Hi medical ozstoners, this a long post and not a simple question, but if you want to take time to read it, thanks in advance.
So, in this thread I was hoping to have a discussion about cannabis topicals (creams applied to the skin) edibles and, ahem…suppositories and how they may or may not show up on roadside drug tests used by Australian police (as distinct from smoked cannabis).
A bit of background to explain why I’m interested in this - I’ve never actually used cannabis myself in any form, but a while back I became curious about trying homemade topicals (like a coconut oil infusion) to see if they helped with chronic muscle pain, and as a general relaxant. So I started trying to find out everything I could and pretty soon the issue of drug tests came up. Many people say that topicals with THC aren’t psychoactive and won’t show on drug tests but others say they are or might – there just isn’t any solid research. I started to read anecdotal reports too about roadside drug tests here in Australia, including of how folks have tested positive many, many days after smoking, long after they were actually impaired. I was pretty alarmed by this, as I’m sure are many others, since losing my licence just isn’t an option. To be sure, I’ve had plenty of alcohol breath tests and never once been tested for drugs on the road, but all the same I need to be really, really confident that I would test clean if it did happen. (I’m not worried about urine and blood tests – I just don’t need to take these, but some people might in their workplace).
I wasn’t ready to give up on the idea, and curious besides, so I set about learning what I could about the parameters of saliva drug testing and the police regime here in Australia. In the process of finding out as much as I can about the current road drug testing regime and how it does or doesn’t work (and many of you would know that it is deeply flawed), I’ve found that there is actually very little research about how cannabis that is ingested or applied without being smoked is detected in saliva. Almost all the research and testing relates to cannabis that is smoked (which is after all how most people consume it). The current saliva tests seem to work primarily by detecting remnants of THC that remain in the oral cavity during smoking - and it may be these that can stick around for a long after the effects have worn off, potentially giving a positive result for a sober person. (This isn’t how the roadside tests are supposed to work – they’re supposed to show if you have been smoking very recently and therefore unfit to drive. But they are actually quite sensitive and especially if you are a regular smoker, you could have quite a bit of cannabis chemicals stored in your ‘oral mucosa’)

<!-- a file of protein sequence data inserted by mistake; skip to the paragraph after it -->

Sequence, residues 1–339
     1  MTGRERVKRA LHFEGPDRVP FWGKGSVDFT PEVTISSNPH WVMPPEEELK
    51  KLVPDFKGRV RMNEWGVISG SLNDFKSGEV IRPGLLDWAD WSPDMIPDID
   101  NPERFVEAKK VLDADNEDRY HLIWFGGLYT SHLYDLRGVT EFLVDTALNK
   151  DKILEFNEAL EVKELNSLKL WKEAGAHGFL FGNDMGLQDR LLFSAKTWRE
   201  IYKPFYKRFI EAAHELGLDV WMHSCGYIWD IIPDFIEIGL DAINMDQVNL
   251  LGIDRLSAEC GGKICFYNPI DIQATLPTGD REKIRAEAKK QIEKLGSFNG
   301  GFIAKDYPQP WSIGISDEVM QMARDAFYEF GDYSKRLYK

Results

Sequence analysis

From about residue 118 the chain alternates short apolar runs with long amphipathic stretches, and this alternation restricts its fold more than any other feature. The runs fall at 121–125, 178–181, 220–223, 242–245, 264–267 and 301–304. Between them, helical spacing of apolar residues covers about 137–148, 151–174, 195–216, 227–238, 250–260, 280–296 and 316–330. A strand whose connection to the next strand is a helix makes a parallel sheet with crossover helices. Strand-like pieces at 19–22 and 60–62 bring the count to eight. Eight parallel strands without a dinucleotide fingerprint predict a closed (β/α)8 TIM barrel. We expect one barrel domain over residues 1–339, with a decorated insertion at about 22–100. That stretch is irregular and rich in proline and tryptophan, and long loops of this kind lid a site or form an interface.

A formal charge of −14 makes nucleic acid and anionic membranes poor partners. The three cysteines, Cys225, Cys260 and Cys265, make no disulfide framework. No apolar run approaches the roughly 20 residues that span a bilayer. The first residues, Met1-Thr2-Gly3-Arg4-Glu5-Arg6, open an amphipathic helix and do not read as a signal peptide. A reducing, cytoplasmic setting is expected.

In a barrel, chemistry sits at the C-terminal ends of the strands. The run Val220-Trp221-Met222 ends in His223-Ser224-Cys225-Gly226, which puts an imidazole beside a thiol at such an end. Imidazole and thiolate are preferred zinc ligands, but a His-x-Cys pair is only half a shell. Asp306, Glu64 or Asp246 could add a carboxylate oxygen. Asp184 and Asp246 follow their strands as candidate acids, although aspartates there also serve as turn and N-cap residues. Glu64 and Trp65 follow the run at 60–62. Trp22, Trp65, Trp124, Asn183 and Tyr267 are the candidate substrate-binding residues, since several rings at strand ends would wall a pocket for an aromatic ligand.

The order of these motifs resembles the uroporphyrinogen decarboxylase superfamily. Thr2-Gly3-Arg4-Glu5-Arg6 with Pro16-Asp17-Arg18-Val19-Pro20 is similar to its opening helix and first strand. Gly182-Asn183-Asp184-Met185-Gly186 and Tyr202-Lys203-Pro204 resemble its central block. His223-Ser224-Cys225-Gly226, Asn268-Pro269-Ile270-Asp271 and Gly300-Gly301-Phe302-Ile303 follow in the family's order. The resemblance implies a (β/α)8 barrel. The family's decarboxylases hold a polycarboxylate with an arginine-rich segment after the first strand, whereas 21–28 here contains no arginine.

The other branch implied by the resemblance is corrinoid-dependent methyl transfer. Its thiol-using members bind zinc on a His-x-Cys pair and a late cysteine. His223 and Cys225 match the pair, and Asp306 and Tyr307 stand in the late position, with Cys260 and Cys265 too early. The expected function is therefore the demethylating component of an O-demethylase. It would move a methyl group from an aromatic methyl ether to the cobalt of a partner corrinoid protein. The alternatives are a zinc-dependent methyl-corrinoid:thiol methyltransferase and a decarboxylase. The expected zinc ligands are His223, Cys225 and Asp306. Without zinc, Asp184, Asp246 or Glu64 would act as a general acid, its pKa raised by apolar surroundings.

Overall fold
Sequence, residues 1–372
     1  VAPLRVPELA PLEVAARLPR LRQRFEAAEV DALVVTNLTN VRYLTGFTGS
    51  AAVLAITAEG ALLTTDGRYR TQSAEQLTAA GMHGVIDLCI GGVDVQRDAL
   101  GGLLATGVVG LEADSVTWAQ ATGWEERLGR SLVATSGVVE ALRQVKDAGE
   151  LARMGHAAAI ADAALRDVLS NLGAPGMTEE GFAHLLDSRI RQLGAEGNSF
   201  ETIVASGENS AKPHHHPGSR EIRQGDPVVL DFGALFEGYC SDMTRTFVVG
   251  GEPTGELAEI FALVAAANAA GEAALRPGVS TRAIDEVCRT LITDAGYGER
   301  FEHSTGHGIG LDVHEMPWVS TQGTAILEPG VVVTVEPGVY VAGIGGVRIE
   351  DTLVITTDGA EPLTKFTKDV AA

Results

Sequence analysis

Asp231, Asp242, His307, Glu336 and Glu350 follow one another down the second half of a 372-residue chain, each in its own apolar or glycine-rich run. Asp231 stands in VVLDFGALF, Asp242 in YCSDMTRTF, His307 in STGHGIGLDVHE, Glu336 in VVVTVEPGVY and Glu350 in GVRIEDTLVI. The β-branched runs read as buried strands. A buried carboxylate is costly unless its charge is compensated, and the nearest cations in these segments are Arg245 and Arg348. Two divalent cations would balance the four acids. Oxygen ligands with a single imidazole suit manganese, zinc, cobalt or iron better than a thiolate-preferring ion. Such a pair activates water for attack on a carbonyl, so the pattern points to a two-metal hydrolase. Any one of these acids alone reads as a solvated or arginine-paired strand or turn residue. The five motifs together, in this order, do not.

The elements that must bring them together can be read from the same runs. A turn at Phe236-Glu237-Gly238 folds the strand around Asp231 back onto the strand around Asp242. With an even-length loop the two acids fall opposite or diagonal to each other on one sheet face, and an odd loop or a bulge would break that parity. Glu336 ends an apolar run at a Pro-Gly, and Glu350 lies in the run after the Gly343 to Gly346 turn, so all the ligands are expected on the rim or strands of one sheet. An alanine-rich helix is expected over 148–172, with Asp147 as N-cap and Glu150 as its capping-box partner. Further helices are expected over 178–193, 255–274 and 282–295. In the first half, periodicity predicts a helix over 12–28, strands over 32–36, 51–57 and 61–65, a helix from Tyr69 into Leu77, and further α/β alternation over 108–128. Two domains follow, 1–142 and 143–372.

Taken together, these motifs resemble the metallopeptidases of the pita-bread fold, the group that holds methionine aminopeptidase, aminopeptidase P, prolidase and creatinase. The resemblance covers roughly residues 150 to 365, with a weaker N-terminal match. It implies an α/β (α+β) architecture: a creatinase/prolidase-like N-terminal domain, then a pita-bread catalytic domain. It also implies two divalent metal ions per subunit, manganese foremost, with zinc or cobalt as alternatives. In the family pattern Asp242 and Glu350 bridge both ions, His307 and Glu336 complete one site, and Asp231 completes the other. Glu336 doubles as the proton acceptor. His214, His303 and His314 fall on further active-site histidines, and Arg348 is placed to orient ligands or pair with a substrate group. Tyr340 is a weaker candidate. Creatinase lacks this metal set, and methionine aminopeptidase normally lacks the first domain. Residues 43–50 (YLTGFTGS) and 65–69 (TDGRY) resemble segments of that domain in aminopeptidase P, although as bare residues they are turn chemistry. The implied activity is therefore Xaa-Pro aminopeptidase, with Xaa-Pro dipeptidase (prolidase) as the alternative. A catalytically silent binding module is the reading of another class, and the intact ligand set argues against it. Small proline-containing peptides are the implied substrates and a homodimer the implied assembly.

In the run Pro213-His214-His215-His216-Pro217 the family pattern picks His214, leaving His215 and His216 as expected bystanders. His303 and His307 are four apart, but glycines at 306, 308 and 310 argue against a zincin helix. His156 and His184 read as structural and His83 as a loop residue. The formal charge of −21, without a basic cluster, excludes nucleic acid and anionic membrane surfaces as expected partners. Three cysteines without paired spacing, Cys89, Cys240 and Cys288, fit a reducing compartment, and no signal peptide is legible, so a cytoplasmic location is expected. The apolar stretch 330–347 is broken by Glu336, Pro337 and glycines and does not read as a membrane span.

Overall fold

But…what if you had consumed cannabis extracts in another way, say eating it, swallowing a sealed capsule, rubbing it on your skin or using a suppository? (I presume injecting is a possibility, but I don’t think anyone outside a laboratory actually does that). I’ve tried to find out what I can, and although there is hardly any research it seems that strict blood to saliva transfer of THC may actually be quite low, possibly even undetectable by the current ‘Drugwipe’ tests, overly sensitive as they are. This, I thought, was interesting…
Here’s what I understand currently happens in Victoria and NSW if you get pulled over or stopped at a booze/drug bus. I might be wrong in some details, so please correct me.
The test used first is the Securetec AG Drugwipe which you wipe on your tongue, and it shows a coloured line if positive. (There are different models that test for different numbers of drugs called 6S, 5S and Twinwipe, but with respect to thc they are all the same.) The latest Drugwipe brochure boasts that it can now detect THC in oral fluid at or above 5 nanograms per mL. (Previously the cutoff point was 10 or 12ng). If you do test positive, they then double check your saliva sample in a Draeger 5000 drug test machine – this also has a cutoff point of 5ng/mL I believe.
I actually contacted Securetec AG and asked them about blood to saliva transfer and whether or not THC that was in the blood but hadn’t contacted the oral cavity could be detected by the Drugwipe tests. At first I got an answer to the effect that “if its in your system it’ll get into your saliva”; and then when I asked for more details or any studies that showed this I was basically told that they don’t share data like that with private busybodies. This could mean that its secret in-house research, or as I suspect that they also don’t know.